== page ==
Breathtaking research reveals incredible fast winds on exoplanet.
Researchers from the University of Warwick have recorded a wind speed of about 5,400 mph outside our solar system, and this translates to a wind speed of over 2 kilometers per second – 20 times higher than the fastest wind speed ever recorded on Earth – where it is actually 7x the speed of sound.
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In a paper titled “Spatially resolved eastward winds and rotation of HD 189733b” published in The Astronomical Journal Letters, the disclosed that this is the first time ever that a weather system outside of the Earth’s solar system would be mapped and measured for speed.
"This is the first ever weather map from outside of our solar system,” said Tom Louden of the University of Warwick's Astrophysics group. “Whilst we have previously known of wind on exoplanets, we have never before been able to directly measure and map a weather system."
The team of researchers was able to measure velocities on the dayside and night-side of exoplanet HD 189733n, and discovered that strong winds with a speed of over 5,400 mph is moving from the dayside of the exoplanet to its night side.
"HD 189733b's velocity was measured using high resolution spectroscopy of the Sodium absorption featured in its atmosphere,” Louden clarified. “As parts of HD 189733b's atmosphere move towards or away from the Earth the Doppler effect changes the wavelength of this feature, which allows the velocity to be measured".
Mr. Louden is not done yet. He explained that since the surface of the star is brighter at the center than at its edge, the planet moves across the star based on the amount of light blocked due to various changes in the atmosphere. The team was able to obtain a velocity map of the star by using the analysis to measure various velocities on opposite sides of the planet.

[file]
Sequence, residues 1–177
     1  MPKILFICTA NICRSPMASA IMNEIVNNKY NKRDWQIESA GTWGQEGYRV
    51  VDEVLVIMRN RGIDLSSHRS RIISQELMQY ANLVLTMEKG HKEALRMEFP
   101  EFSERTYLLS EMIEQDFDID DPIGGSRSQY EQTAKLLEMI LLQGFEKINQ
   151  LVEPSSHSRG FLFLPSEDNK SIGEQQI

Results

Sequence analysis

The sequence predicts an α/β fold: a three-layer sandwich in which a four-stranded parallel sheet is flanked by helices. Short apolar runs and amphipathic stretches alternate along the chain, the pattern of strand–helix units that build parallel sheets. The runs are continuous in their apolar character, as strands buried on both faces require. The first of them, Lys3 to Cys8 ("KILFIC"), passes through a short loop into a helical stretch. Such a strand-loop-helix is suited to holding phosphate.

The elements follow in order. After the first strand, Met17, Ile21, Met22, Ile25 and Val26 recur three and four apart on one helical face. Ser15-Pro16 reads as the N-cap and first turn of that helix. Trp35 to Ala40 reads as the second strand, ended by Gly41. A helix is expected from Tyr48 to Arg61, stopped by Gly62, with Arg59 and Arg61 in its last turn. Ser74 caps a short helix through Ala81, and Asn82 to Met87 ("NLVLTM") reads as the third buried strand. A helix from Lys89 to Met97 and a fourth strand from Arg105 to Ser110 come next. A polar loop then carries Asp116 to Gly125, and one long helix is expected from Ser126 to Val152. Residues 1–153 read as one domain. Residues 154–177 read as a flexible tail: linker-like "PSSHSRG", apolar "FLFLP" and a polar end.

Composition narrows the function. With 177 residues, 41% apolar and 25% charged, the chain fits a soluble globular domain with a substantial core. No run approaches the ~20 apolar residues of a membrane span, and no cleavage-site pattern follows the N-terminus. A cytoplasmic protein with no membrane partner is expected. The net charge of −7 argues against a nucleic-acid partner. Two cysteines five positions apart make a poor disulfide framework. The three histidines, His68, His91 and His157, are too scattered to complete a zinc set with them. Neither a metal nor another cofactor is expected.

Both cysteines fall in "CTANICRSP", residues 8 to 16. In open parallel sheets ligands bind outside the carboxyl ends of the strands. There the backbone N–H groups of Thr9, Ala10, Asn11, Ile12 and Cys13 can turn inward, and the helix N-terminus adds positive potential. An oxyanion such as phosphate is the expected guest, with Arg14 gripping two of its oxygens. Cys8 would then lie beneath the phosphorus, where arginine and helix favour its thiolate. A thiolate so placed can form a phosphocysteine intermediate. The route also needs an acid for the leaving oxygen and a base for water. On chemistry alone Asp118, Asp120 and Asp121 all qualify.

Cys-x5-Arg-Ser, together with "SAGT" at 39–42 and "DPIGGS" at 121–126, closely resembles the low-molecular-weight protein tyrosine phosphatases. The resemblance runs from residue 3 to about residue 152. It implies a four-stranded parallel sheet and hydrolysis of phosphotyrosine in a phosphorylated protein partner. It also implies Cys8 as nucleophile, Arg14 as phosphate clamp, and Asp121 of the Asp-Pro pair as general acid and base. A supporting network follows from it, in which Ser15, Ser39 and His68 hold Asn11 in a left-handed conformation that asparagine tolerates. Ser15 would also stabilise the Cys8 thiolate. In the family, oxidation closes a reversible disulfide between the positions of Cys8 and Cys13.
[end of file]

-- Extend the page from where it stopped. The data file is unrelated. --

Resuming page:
The planet is shown at three positions as it crosses its parent star. The changing background illumination allows us to separate absorption from different parts of the planetary atmosphere. By measuring the Doppler shift of the absorption we are able to measure wind velocities. The blue-shaded region of the atmosphere is moving toward the Earth at 12,000 mph, while the red-shaded region is moving away from the earth at 5,000 mph. After correcting for the expected spin of the planet we measure a wind velocity of 5400 mph on the blue side, indicating a strong eastward wind flow from the heated day side to the night side of the planet.
Co-researcher Dr. Peter Wheatley of the University of Warwick's Astrophysics Group added that the techniques deployed for the studying speeds of wind on the star could also be used to study other planets that are very Earth-like.
"We are tremendously excited to have found a way to map weather systems on distant planets,” Wheatley said. “As we develop the technique further we will be able to study wind flows in increasing detail and make weather maps of smaller planets. Ultimately this technique will allow us to image the weather systems on Earth-like planets. "
The HD 189733b is 10 times bigger than Jupiter and 180 times closer to it, and it has a temperature of 1,800 degrees Celsius. Astronomers study this star a lot because of its closeness to our solar system, and it is categorized as one of the class of “Hot Jupiters.”
The study titled "Spatially resolved eastward winds and rotation of HD189733b" has been published by The Astronomical Journal Letters on arXiv. The data was collected by HARPS, the High Accuracy Radial velocity Planet Searcher, in La Silla, Chile.